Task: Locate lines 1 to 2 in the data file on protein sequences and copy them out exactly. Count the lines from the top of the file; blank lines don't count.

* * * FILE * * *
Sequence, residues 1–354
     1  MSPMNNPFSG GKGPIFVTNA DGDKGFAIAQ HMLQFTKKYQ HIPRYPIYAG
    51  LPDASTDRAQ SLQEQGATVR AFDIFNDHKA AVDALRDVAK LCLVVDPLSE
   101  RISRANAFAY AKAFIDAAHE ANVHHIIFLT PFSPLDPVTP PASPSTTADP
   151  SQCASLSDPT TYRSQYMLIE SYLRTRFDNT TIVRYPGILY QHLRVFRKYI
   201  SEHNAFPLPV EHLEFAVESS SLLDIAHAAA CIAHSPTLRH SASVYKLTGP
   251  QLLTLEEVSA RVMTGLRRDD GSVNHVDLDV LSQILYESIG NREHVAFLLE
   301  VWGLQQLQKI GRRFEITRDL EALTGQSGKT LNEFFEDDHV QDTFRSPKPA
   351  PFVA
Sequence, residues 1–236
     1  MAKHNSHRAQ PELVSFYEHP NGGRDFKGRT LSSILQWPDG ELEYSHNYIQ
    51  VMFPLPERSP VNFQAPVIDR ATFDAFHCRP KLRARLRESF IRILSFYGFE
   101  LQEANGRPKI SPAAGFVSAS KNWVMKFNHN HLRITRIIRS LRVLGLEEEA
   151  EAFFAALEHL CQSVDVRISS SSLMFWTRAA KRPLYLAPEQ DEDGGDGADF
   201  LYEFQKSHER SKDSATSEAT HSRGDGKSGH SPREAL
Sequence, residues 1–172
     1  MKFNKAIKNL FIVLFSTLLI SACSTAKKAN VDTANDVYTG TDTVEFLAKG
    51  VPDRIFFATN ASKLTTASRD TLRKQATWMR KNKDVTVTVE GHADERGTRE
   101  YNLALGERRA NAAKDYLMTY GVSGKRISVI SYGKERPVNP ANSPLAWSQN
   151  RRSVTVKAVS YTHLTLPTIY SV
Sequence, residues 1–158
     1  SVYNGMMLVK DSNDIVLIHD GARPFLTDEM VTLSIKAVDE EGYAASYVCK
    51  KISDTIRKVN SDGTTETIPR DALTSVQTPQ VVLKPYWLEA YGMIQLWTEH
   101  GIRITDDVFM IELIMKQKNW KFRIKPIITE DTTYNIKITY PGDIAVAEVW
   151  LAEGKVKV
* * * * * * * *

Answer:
Sequence, residues 1–354
     1  MSPMNNPFSG GKGPIFVTNA DGDKGFAIAQ HMLQFTKKYQ HIPRYPIYAG